13 “You are the salt of the earth. But if the salt loses its saltiness, how can it be made salty again? It is no longer good for anything, except to be thrown out and trampled by men. 14 “You are the light of the world. A city on a hill cannot be hidden. 15 Neither do people light a lamp and put it under a bowl. Instead they put it on its stand, and it gives light to everyone in the house. 16 In the same way, let your light shine before men, that they may see your good deeds and praise your Father in heaven. – Matthew 5:13-16
In the ancient world both salt and light were important commodities. Salt was precious and rare, but had amazing power as a preservative. Salt-cured meat could last longer than meet prepared without salt. The extra days of life salt could bring to food might mean the difference between having food on the table or not for several days during lean times. Salt also added flavor to bland foods and had medicinal properties. Salt was an anti-septic. It could clean out wounds and prevent infection. Salt was not just for flavor but was a life-saving agent.
Light similarly had importance. Jesus’ world was not a world of electric lights. It was a world where light came with costly candles or through supplies like wood gathered through hard work. Yet without light from those candles or those fires, it was hard to get around. Your work would diminish, being kept to only the daylight hours, without the light that came from such costly efforts. If on a journey without lights you are more apt to fall into bandits without some light.
Both salt and light were precious, live-giving commodities. They were not to be wasted, nor to be just hidden away until they became useless. And definitely not, in the case of a candle, to be lit and hidden under a basket – thus becoming used up while not bringing any help to anyone.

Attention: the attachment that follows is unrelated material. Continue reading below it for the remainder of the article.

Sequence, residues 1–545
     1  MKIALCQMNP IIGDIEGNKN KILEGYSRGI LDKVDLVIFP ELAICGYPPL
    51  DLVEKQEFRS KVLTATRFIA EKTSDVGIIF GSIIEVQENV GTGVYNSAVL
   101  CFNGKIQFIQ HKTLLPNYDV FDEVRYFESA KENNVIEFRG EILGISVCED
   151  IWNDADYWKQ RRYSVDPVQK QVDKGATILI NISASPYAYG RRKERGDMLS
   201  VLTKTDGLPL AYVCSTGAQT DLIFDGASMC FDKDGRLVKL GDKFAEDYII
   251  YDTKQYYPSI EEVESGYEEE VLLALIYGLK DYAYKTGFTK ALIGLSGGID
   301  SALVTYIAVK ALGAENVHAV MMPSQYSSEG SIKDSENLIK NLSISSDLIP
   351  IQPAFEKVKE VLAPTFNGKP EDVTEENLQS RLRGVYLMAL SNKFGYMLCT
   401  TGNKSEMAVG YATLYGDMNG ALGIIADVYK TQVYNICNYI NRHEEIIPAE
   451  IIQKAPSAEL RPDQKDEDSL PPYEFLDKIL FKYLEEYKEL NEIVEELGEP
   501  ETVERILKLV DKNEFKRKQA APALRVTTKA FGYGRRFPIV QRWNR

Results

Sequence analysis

Jesus here likens his followers to salt and light because he is reminding us that we cannot make a difference in the world while being afraid of making ourselves known through our actions as his followers and as living out the calling he has given us. We must make the effort to reach out, to let ourselves be known by what we say and do as people who know Jesus, not in a way that beats people over the head with a Bible, but in a way that we can be a healing presence in the lives of others who are hurting and broken and we with Jesus’ Word and help light the way for those lost and stumbling.
Jesus’ Red Letters give us a purpose – to be men and women who are for others, who like Jesus are constantly reaching out beyond our little comfortable circle of “people like us” to those hurting and struggling and on the fringes.
Yet it also gives us a challenge.
Here are a few questions to get you started thinking:
Is the person who is constantly busy at Bible studies, prayer meetings, and church gatherings and has no time left over to make new friends with non-religious neighbors and friends really living out Jesus’ message?
Can a minister or pastor who knows in his heart God does not limit his welcome to clean-living, heterosexual, and gender-conforming people really be faithful to God’s calling while standing by and letting his church exclude people like that?
Can a member of a ministry that welcomes all people really live out this calling if they keep hidden where God has called them for fear that people might think they welcome “people like that,” whether it is recovering addicts, homeless people, or gays?
And what is the balance between sharing your testimony (what God has done in your life), God’s message in Scripture, serving physical needs, and being a listening ear? How do we figure out which God is calling us to do as lights and as salt?
There are not easy answers to any of these questions and I am certain as you meditate on this and other sections of Jesus’ Red Letters during this season of preparation for Easter you will find Jesus challenging you to answer other questions as well. Yet I hope you reflect on the questions this saying of Jesus challenges you with, so we can all more fully live out the purposes God has in our lives. When we do, we will find deeper lives fuller lives, lives that feel even more worth living than before.
Rev. Micah Royal serves as Pastor of Life’s Journey UCC in Burlington, N.C. Having earned his Master of Divinity in Pastoral Care and Counseling from Campbell Divinity School, he has served in ordained ministry in various contexts throughout the Carolinas and southern California, including on the board of the Eastern NC Association of the United Church of Christ.